Ready to use Nodebb instance based on LXC containers

General Discussion
  • Hi Nodebb users,

    I am happy to finally make this post. Some of the regulars may have seen me on other threads discussing forum design.

    We recently launched Flockport which provides ready to use instances of popular apps based on LXC containers. And we have a Nodebb instance ready for download and use. See the Nodebb container in action here

    Containers are like lightweight virtual machines, that let your run multiple Linux OS containers within your host OS. So you could be running a Debian host with for instance multiple Centos, Fedora, Ubuntu containers and vice versa. And the biggie is these containers are portable across any Linux system. So you can move your Nodebb installation across servers with minimum fuss, just zip it and move!

    Even better containers operate at near bare-metal speeds, there is no virtualization overhead. This is fantastic technology for end users and the only reason its not seen more widespread adoption and use is due to lack of marketing by the Ubuntu supported LXC project.

    Linux containers (LXC) is supported natively in the Linux kernel. Most distributions have LXC packages available and its mostly an apt-get install away.

    To use the Flockport Nodebb container you need to install LXC and download the Nodebb container -150MB. This frees you from installing and configuring web stacks and apps, just download a container and you are read to go.

    We have tons of guides and videos to help users along. There are currently over 40 apps that users can download and launch in seconds from real toughies like Discourse, Redmine, Gitlab to the easier ones like like Wordpress, Drupal, Joomla.

    As many of you will notice when you visit the website we are using Nodebb for our community section - a big thank you to the Nodebb team for giving users a fast, lightweight and modern forum! We have opted for a clean minimalist look. I would love your feedback, thoughts and inputs.

  • Very nice. Congrats! Also great to see that you guys decided to use NodeBB for your forums 🙂

  • I dig it! I'm gonna check this out as soon as I get home 🙂

  • The logo you've used on the homepage of flockport to show it includes NodeBB doesn't appear to be the right logo. Should be one of these.

    Good work though, seems like it could be useful. 👍

  • @psychobunny - thanks! I personally think containers are just too useful across a range of use cases and its only a matter of time it becomes mainstream. And our job is to make it as easy for users as possible.

    Nodebb is lightweight and superfast - the only biggie pending is SSO, and I sort of have it on my list of to do list for a couple of month and should get to it.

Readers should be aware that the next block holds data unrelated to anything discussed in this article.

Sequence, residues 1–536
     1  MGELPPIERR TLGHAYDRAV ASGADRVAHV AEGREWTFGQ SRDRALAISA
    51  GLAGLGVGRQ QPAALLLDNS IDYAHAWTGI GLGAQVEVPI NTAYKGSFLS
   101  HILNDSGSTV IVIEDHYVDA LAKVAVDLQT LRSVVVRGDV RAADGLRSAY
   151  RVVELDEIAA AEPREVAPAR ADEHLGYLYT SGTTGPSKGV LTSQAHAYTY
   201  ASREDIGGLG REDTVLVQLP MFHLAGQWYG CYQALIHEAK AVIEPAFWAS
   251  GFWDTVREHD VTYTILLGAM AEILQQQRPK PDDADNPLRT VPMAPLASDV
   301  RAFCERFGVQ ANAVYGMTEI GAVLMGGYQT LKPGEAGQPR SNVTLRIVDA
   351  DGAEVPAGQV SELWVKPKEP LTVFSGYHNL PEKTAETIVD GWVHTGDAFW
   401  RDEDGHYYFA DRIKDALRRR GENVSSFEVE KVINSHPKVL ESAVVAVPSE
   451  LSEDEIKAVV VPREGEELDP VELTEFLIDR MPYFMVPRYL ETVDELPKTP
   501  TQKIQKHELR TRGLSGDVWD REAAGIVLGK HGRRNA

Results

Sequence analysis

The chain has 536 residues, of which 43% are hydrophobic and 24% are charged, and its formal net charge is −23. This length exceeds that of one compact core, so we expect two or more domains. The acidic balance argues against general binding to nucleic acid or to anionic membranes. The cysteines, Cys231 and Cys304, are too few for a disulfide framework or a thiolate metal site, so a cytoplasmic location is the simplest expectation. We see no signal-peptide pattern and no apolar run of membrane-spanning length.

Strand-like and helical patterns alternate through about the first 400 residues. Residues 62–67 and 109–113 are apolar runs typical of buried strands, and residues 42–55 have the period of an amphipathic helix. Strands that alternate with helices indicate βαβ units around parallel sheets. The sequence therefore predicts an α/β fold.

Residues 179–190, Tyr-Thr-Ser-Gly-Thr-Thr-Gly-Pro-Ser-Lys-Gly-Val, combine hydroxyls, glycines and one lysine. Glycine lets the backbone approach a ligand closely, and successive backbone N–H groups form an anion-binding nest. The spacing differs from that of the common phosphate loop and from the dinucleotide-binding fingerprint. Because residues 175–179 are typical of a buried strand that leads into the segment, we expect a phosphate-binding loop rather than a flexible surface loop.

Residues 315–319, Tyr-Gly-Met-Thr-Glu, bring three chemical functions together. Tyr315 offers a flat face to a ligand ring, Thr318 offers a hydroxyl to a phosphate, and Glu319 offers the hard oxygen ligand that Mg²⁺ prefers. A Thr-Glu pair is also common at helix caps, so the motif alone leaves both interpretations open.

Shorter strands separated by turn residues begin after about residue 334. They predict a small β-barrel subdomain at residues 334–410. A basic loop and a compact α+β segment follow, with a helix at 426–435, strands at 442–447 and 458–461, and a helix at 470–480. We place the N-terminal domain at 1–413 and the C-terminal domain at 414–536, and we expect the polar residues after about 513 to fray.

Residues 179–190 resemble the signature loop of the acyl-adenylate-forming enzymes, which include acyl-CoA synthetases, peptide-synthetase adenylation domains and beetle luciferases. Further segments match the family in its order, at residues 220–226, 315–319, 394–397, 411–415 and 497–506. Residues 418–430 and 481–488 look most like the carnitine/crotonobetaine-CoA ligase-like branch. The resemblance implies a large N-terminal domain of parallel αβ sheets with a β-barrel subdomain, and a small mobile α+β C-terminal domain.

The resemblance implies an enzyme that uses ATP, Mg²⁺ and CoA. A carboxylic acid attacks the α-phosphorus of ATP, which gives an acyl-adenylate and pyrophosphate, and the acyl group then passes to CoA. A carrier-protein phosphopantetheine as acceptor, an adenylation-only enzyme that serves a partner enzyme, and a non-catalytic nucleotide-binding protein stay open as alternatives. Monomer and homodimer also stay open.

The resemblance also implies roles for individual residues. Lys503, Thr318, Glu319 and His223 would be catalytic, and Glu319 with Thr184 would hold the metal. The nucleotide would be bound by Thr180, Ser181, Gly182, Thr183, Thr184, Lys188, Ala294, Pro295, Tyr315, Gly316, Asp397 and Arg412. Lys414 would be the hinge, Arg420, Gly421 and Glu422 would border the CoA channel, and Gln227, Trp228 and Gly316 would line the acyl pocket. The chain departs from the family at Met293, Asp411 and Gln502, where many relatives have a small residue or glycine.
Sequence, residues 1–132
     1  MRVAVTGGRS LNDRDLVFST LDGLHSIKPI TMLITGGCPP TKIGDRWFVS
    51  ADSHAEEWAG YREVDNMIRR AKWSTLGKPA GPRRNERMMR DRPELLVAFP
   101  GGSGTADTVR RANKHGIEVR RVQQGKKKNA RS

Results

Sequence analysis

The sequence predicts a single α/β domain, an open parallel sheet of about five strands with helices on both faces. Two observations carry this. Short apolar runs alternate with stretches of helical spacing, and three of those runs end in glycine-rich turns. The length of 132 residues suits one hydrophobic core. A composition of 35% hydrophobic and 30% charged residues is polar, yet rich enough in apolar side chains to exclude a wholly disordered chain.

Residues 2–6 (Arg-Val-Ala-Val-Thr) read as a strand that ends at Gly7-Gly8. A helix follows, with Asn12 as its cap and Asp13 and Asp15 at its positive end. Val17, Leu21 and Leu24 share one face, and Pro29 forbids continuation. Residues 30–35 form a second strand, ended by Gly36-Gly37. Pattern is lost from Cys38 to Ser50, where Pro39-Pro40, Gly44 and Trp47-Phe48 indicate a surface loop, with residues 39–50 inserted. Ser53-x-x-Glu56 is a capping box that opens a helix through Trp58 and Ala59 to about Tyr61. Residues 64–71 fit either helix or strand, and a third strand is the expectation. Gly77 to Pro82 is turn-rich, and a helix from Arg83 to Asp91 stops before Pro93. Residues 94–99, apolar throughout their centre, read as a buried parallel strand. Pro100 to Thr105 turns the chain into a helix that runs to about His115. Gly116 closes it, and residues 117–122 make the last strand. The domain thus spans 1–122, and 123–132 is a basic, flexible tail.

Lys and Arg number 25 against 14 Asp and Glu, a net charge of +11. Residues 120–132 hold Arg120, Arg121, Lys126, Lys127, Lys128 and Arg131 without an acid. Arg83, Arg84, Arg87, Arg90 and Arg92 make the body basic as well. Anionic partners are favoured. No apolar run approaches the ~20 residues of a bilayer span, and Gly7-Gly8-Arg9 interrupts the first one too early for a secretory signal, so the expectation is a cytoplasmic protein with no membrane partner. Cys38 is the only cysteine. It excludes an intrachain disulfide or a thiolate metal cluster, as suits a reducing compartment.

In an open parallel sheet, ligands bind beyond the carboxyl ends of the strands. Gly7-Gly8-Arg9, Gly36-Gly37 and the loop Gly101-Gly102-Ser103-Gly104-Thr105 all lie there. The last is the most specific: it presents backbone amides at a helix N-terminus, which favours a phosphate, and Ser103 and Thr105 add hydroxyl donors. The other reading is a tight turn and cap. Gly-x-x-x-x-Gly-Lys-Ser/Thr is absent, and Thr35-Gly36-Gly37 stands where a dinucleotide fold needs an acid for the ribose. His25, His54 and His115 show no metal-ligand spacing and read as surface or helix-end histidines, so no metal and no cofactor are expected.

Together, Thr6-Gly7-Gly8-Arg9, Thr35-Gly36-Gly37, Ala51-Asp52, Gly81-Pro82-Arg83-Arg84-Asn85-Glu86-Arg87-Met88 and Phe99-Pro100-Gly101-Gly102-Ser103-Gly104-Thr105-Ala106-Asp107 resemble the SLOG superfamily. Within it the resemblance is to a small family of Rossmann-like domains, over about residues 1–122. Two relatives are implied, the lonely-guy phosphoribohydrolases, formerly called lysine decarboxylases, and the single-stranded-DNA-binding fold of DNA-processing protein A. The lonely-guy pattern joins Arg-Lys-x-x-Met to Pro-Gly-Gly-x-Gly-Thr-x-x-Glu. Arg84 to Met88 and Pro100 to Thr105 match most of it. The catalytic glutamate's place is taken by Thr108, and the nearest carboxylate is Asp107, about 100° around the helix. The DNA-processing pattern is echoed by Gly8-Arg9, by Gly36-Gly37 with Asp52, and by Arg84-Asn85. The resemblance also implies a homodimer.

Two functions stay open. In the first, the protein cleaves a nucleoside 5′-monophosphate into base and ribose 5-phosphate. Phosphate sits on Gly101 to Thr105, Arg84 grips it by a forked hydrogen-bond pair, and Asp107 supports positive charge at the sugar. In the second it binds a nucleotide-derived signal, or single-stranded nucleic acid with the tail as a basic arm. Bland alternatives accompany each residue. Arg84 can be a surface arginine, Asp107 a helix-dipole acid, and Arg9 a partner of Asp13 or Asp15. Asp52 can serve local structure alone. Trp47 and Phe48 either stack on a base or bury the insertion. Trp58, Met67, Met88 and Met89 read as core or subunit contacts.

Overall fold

@a_5mith - thanks for sharing that, I am going to get that updated.

    @a_5mith - just updated the nodebb logo on the Flockport containers page. Let me know if it looks ok, thanks!

  • @raul will do. On mobile it doesn't slide. Will look later on. 👍

  • @a_5mith - it seems to slide ok on Chrome mobile, can you please try the no ajax version

  • Awesome work @raul, glad to see NodeBB available for general consumption 🙂

    The official way will still be git clone on Ubuntu 14.04, but it's nice to know there are third-party one-click install solutions. It was a matter of time.

    We semi-officially support Docker as well. @xaoseric is our release manager for that method. Does Flockport have something similar where builds can be made against a github repo?

  • @raul said:

    @a_5mith - it seems to slide ok on Chrome mobile, can you please try the no ajax version

    I was referring to the one on your homepage, but yeah. Looks great. 😛

    This one on the left. It's not too well known to just use the favicon. 👍


  • @a_5mith - thanks! yes the front page logo is in the works and should be updated shortly.

    @julian - thanks! yes the official way should always be a native install, using LXC or Docker makes it simpler and faster to launch, and provides added flexibility in deployment, but there should be some understanding of how the components work together which a native install, which can be also be done in an LXC container like we do, gives users. We are definitely going to look at how we can integrate github into our current build process.

    LXC has been baking since 2009, was merged into the kernel around 2.6.32 and has been mainly developed by a team led by Daniel Lezcano, Serge Halyn and Stephane Graber. Its an Ubuntu supported project since 2012. Serge and Stephane work for Ubuntu. LXC provides container management tools and container OS templates. Here is a video walk through of LXC

    Docker was based on the LXC project untill 0.9 when it switched to its own engine libcontainer, though users can still choose LXC as the underlying container engine.

    Docker containers and LXC containers are a bit different. Docker uses containers to build an app delivery platform and abstracts the container away to an app, while LXC gives you a full Linux environment like a lightweight VM, with some caveats.

    However due to the low profile of the LXC project, a lot of users first introduction to containers may have been Docker, and there are some misconceptions and a lot of users will be surprised by the flexibility and usability of LXC without the constraints of Docker.

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